This is just algebra, not an equation or a theory.
If you already know bytes/second, and clock speed (cycles/second), then
(bytes/second) / (cycles/second) => bytes/cycle
1 / (bytes/cycle) => cycles/byte
If you don't know bytes per second, you can calculate it by:
- get a high-resolution timestamp T1 suitable for this kind of measurement
- run your algorithm N times over B bytes
- get another timestamp T2
- subtract the timestamps one from the other, to give the elapsed time E = T2 - T1
- you have now processed (N *B) bytes in E time units
- repeat several times
- if your measurements are unstable, or your duration E uncomfortably close to zero, or suspiciously close to some system timer granularity, increase N and/or B and try again. Actually, do this a few times anyway to confirm you get a linear relationship between bytes processed and time taken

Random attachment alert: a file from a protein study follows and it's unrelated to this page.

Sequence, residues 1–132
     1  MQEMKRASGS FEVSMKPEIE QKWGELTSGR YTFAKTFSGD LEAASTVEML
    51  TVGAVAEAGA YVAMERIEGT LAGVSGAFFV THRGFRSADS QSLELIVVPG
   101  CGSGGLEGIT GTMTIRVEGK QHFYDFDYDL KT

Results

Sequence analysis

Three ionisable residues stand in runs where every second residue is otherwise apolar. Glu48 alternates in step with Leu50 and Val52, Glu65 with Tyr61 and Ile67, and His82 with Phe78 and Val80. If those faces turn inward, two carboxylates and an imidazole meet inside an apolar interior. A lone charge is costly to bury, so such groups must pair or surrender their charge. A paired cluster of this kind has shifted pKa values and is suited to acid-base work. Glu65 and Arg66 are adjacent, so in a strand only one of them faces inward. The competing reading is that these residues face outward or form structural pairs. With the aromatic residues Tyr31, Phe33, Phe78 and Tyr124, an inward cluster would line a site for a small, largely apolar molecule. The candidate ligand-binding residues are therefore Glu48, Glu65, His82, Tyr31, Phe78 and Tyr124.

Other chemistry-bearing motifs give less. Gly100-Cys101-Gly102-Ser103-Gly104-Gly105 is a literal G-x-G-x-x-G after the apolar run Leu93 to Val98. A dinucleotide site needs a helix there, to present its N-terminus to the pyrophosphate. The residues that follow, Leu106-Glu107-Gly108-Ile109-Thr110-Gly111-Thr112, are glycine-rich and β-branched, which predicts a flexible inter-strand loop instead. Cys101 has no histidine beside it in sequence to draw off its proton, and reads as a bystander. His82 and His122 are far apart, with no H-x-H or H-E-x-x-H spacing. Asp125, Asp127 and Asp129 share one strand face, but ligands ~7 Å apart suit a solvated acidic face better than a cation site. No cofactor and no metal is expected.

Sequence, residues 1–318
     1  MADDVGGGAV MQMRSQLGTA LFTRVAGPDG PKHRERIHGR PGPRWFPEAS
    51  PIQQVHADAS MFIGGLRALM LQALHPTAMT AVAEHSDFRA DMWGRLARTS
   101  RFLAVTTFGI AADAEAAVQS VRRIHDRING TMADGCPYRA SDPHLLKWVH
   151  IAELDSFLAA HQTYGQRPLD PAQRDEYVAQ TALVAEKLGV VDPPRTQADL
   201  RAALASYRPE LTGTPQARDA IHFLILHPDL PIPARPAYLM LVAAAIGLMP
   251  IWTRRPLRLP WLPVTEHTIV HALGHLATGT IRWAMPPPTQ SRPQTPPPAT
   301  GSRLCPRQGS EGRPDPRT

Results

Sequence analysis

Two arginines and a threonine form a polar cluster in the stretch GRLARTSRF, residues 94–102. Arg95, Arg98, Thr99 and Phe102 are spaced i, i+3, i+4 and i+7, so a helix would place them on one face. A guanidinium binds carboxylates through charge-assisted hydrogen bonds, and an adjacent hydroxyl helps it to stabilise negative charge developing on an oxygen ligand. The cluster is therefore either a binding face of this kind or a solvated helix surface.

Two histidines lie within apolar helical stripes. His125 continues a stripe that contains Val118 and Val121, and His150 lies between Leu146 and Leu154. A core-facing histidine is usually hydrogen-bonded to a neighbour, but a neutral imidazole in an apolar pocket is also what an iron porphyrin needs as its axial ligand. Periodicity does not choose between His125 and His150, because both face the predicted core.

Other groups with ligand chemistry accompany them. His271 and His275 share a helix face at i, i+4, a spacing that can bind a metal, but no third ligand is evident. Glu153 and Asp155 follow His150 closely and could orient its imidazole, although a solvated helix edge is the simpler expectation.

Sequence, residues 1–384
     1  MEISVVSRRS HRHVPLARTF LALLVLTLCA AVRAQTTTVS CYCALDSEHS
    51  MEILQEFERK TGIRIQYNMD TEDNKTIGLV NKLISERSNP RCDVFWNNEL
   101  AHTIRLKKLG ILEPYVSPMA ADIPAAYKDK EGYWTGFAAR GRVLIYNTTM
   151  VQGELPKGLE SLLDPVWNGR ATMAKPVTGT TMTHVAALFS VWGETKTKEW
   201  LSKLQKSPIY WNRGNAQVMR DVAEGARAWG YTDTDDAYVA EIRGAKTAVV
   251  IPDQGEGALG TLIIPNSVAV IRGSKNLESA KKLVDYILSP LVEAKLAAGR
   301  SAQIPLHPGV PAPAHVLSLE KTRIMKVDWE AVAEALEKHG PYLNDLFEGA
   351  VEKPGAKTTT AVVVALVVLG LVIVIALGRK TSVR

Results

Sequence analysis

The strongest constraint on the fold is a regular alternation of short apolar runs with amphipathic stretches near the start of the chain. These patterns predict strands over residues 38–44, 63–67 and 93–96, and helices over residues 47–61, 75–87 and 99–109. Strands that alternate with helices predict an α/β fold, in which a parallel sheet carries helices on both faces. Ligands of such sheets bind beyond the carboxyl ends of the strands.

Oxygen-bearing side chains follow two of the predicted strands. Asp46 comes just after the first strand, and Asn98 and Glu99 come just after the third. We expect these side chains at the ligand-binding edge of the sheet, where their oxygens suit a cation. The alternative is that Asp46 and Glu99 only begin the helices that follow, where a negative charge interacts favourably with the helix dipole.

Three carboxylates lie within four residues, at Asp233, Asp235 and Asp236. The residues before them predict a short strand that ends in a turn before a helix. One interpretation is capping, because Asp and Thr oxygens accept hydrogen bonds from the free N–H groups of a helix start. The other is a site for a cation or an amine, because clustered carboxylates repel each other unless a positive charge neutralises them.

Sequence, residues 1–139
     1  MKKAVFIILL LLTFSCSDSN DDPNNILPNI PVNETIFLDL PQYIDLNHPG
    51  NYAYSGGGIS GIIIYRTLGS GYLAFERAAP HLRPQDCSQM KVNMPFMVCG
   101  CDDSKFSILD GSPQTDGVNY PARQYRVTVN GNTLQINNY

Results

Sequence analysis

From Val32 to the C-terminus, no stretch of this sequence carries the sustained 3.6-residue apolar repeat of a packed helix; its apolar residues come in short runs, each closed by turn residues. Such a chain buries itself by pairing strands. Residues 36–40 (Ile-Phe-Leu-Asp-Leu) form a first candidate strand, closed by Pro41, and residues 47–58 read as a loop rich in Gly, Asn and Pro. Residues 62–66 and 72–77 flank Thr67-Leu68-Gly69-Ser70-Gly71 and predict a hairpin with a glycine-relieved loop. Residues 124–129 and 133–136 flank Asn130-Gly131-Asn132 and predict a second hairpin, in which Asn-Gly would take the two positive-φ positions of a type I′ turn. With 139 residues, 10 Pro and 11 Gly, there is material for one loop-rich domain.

- scale your time units (nanoseconds, microseconds, whatever they are) into seconds, if that's how you want to display the result
Note that if your "timestamp" above is actually a cycle counter, you can skip the cycles/second stage. Otherwise, you can just read off the CPU frequency from the system/hardware information tool for your platform.
For POSIX, a sensible timer might be
clock_gettime(CLOCK_THREAD_CPUTIME_ID,...), for example. You should be able to find example code for
rdtsc, documentation for the best Windows timing function etc. by searching.
As for actually taking the measurements, there are good suggestions in the comments. You need to:
- take a large (enough) number of samples for it to be reliable
- ideally with nothing else contending for resources, if not with FIFO/realtime scheduling
- either making sure any CPU clock scaling is turned off, or discard the first samples where it was warming up